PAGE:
To complete this argument, I shall add the consideration of those works which are ascribed to him; and which could not with any propriety be so ascribed, unless he be a person endued with divine power and understanding And here I observe, that it is not from any single instance of his works that we shall confirm our argument; for some of them, singly considered, may perhaps sometimes be metaphorically ascribed to other causes; which do not therefore prove that they are persons also (which is the sum of our adversaries, objections.) But as some of them, at least, never are, nor can be, assigned to any but a divine person, so we take our argument from their joint consideration, or the uniform constant assignation of them all to him in the Scriptures, which renders it irrefragable. The nature of the works themselves shall be explained hereafter.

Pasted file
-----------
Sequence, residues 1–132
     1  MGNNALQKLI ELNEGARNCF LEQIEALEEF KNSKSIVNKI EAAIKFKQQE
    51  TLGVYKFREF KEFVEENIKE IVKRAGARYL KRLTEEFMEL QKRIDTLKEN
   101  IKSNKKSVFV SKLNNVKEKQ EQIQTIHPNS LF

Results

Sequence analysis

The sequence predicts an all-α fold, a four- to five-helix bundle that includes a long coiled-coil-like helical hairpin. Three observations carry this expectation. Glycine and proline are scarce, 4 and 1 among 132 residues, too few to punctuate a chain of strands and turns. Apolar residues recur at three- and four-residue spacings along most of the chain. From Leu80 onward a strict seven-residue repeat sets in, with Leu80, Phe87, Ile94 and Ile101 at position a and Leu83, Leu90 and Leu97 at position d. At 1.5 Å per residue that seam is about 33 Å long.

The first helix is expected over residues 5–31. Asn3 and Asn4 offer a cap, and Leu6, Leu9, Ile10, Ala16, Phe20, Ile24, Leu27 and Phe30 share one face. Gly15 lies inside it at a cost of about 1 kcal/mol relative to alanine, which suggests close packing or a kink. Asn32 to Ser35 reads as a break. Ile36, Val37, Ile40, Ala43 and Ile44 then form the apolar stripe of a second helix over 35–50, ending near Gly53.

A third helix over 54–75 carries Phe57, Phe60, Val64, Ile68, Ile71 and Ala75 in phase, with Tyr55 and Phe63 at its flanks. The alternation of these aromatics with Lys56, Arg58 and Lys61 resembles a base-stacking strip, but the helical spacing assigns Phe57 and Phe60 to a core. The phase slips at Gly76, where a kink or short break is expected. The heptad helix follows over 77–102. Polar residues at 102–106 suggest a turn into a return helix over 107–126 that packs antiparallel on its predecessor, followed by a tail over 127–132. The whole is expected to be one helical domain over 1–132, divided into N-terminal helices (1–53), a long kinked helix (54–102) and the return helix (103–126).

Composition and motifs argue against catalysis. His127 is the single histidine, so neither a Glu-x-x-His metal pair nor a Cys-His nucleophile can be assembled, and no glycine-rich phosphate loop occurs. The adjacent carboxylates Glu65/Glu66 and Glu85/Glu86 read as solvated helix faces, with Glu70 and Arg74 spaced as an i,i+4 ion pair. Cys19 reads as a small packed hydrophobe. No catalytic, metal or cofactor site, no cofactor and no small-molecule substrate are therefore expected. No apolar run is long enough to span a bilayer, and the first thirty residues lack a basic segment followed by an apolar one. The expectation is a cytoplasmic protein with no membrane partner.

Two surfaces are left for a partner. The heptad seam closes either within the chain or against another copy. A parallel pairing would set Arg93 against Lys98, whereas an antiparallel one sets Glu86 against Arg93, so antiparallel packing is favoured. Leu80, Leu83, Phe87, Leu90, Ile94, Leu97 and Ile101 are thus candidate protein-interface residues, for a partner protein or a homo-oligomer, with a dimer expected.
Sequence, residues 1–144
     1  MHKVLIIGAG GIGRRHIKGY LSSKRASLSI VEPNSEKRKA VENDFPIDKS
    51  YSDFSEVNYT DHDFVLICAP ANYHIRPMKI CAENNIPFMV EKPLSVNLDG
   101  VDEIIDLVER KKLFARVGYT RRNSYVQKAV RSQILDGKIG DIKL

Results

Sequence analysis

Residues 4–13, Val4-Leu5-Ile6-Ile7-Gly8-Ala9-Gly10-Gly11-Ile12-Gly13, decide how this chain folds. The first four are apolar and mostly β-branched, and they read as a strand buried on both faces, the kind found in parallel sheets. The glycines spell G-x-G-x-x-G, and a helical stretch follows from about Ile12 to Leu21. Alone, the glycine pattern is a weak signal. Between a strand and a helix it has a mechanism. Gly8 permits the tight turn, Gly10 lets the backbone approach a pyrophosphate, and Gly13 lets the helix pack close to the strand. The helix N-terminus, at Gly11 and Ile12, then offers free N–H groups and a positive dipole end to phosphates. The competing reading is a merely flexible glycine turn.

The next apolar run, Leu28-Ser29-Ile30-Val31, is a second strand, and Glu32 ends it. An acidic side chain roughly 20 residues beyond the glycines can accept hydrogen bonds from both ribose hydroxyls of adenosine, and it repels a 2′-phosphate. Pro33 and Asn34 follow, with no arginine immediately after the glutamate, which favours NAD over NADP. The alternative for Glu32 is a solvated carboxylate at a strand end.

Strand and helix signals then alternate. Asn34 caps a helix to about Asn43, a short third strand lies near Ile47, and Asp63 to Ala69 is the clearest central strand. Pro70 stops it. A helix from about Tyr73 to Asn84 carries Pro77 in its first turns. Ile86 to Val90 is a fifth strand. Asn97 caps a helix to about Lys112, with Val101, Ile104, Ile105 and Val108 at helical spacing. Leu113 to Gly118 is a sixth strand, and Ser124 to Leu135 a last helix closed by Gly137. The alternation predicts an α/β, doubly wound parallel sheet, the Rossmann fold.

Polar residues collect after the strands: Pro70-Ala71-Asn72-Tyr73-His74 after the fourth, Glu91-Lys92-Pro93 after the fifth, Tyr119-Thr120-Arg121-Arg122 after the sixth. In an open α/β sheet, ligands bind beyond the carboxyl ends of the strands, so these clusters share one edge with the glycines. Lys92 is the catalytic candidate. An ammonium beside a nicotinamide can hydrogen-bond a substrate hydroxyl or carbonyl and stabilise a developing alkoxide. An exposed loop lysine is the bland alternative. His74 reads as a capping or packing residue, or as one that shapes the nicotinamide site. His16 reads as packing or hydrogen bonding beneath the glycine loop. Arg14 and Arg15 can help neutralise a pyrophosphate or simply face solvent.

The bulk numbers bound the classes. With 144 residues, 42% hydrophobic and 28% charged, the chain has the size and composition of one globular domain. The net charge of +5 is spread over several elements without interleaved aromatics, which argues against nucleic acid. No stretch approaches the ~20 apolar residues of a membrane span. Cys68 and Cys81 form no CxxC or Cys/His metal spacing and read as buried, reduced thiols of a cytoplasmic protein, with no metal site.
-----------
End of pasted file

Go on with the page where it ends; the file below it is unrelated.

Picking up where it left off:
First. He is said to TEACH US: The Holy Ghost shall teach you what you ought to say*.' The Comfortershall teach you all thingst.' He is the Unction which teaches us all things‡ :' He is the great Teacher of the Church, to whom the accomplishment of that great promise is committed, They shall be all taught of God.||'
Let any man, not absolutely prepossessed with prejudice, read that discourse of our Saviour to his disciples, in which he purposely instructs them in the nature and work of the Spirit of God, and he will need no further confirmation in this matter. He is there called the Comforter; the name of a person; of one vested with office; and another Comforter, to distinguish him from Christ, who was
Luke xii. 12. † John xiv. 25. 1 John ii. 27. John vi. 45.